Last Orders! By Trevor Plumbly

The 1960s were the beginning of the end as far as the traditional pub was concerned. The beat generation demanded novelty and noise; this was quickly provided by franchise chains and disco bars, which left the poor old dedicated drinker out in the cold. Depending where you stood in the social scale it was ‘the boozer’, ‘the pub’ or ‘the local’. For non-locals, they had names that totally belied the ambience and clientèle within. Only an innocent tourist would expect to meet any of the peerage in ‘The King’s Arms’ or find any reference to wildlife inside ‘The White Bear’ or ‘The Red Lion’. The King’s Arms probably supplied refreshment for a passing monarch in bygone days and received the royal warrant in exchange. Any reference to coats of arms suggests a connection, possibly a tenancy, with local nobility, but the origins of the more exotic names remain debatable.

The importance of the ‘public house’ or ‘pub’ in village or town life in the past is little appreciated these days. In a small village, depending on the population, there would have been one or two pubs and in larger towns one on virtually every other corner. There were of course gin palaces in the slums and dock areas, but the local pubs were as essential a part of the community as the local church, in fact the publican was probably more in touch with the day-to-day affairs of the locals than the vicar. Pubs had an inbuilt class system for patrons: the ‘saloon bar’ catered for the businessmen, middle class residents and their ladies; the ‘public bar’ was mainly for the workers and, on occasions, their womenfolk; the ‘snug’ or ‘private bar’ was basically a private club room where unaccompanied women could drink and gossip discreetly. Casual patrons weren’t welcomed in there and were simply frozen out by the occupants, the publican’s missus, or the barmaid. There was a strict pecking order behind the bar: the publican or ‘guvnor’ was expected to be an all-round presence in the saloon and the public bar; however, the snug was mainly off limits, presumably a male presence would have inhibited the ladies’ conversations. The missus was expected to be on show in the saloon and was regarded as ‘one of the girls’ in the snug, but rarely served in the public bar; male banter was probably considered too coarse for her sensitivity. The barmaid, on the other hand, had a sort of roving commission, allowing her to serve in all three bars.

Regular patrons expected certain standards from the folk behind the bar or they simply moved on, often causing a domino effect which it could take a change of landlord to reverse. The ‘guvnor’ was expected to socialise and comment on a wide range of topics in the saloon, while the ability to tell a borderline joke was certainly a plus in the public. Dress and drinks were important too: an old school tie and a gin and tonic in the public would set you apart from the lads, as would work jeans and a pint in the saloon. The missus was generally the ‘queen bee’ and was quite happy to play the part! Her social forays were limited to the saloon bar: perfectly coiffed and tastefully dressed, with just enough jewellery to impress, she held court over the ladies while the gents propped up the bar.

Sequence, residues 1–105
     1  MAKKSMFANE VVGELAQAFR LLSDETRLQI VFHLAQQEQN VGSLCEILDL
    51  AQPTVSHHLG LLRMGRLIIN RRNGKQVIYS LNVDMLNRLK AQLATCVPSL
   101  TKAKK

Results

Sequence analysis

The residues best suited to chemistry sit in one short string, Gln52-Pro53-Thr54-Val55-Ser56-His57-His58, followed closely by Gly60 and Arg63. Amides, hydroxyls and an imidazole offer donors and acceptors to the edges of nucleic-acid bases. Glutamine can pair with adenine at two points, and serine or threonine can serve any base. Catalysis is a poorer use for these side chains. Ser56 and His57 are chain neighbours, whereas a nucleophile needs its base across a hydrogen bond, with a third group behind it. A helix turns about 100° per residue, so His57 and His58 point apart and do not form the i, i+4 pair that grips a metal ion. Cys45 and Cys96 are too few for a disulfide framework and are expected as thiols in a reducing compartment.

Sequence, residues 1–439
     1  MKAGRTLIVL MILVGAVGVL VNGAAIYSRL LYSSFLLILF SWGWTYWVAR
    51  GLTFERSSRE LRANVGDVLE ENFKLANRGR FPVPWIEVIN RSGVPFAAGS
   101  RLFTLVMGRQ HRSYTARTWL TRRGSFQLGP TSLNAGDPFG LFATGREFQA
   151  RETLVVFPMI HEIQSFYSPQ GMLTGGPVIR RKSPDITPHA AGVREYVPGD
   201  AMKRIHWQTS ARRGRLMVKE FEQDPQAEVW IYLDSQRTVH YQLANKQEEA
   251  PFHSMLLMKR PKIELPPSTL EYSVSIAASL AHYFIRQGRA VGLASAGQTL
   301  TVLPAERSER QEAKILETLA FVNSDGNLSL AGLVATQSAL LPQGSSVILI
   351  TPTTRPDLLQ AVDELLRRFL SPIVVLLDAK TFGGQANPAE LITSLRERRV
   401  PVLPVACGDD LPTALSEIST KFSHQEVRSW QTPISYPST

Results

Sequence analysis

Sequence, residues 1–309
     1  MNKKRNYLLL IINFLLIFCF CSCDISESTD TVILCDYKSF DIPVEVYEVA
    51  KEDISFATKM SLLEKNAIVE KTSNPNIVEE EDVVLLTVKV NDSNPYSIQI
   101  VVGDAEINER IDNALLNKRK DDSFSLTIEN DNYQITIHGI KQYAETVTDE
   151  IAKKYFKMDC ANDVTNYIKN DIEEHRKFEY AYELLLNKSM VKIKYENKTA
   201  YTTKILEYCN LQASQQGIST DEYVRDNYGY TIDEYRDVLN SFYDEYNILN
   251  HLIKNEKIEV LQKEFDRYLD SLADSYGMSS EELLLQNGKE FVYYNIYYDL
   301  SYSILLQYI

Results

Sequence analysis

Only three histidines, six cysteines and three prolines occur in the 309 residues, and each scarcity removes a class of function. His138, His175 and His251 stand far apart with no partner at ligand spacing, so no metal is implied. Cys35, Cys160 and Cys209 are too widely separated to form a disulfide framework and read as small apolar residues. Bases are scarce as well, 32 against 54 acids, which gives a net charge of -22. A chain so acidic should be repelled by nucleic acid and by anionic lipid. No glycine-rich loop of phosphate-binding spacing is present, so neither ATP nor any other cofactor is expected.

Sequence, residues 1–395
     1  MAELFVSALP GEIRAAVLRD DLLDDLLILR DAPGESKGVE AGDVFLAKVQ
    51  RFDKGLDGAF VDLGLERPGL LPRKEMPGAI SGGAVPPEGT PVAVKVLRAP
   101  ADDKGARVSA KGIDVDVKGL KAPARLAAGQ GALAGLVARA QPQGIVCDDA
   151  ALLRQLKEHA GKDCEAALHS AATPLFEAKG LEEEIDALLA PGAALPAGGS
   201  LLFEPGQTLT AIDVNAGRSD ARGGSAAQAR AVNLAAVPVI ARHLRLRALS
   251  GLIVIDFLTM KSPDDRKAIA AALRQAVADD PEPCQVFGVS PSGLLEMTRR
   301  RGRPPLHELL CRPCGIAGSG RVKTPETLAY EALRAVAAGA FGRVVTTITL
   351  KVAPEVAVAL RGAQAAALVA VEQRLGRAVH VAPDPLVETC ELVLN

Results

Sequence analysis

Whilst the missus and the guvnor played their roles like stars, the barmaid was by far the most influential figure, not bound by the unwritten laws and social niceties of the various bars. First names, or ‘Mr’ and ‘Mrs’ with a surname, were rarely bestowed, the vast majority were simply ‘luv’. In these days of employee protection, her job requirements would just about defy description, but I’ll have a shot. Age: over 20 but not over 40. Hair colour: preferably blonde but redheads may apply. Build: buxom, thin or overweight ladies need not apply. Dress: heavy make-up and low necklines are required at all times. Demeanour: must be able to smile while being constantly exposed to ribald remarks and propositions and the ability to flirt will be considered an advantage. Health: ladies with odd complaints like the occasional headache, toothache, sore feet or tired legs need not apply. Personality: the ability to agree with all and sundry is essential, ladies with a mind of their own will not be considered. With all these talents, good barmaids were treasured by the management and patrons, and if Sharon moved to the rival establishment, you could guarantee she would take her loyal regulars with her.

The peculiar thing about this almost feudal system was that it actually worked! Habitual drunkenness was rare, there were arguments but they very rarely came to blows. The regulars regarded it as their pub and policed it as such. The maximum penalty for repeated anti-social behaviour was the landlord’s ban. This reduced the culprit to almost leper status. In a small town or village, word travelled fast and if you were barred from ‘The Red Lion’ you certainly weren’t made to feel welcome at ‘The King’s Arms’.

By the late 1970s, the larger breweries began managing pubs rather than simply leasing and supplying them. The old style ‘local’ landlords were replaced with managers more interested in company policies than community involvement. Barmaids were replaced by de facto waitresses and in some cases even the décor was standardised within the chain, turning a lot of interesting locals into virtual Starbucks. Microwaved tapas and loud music replaced chips and banter; the pub as a community institution slowly became just a place to drink. ‘Last orders gentlemen please!’ indicated the approach of closing time then. But looking back I can’t help thinking it could have been a warning.

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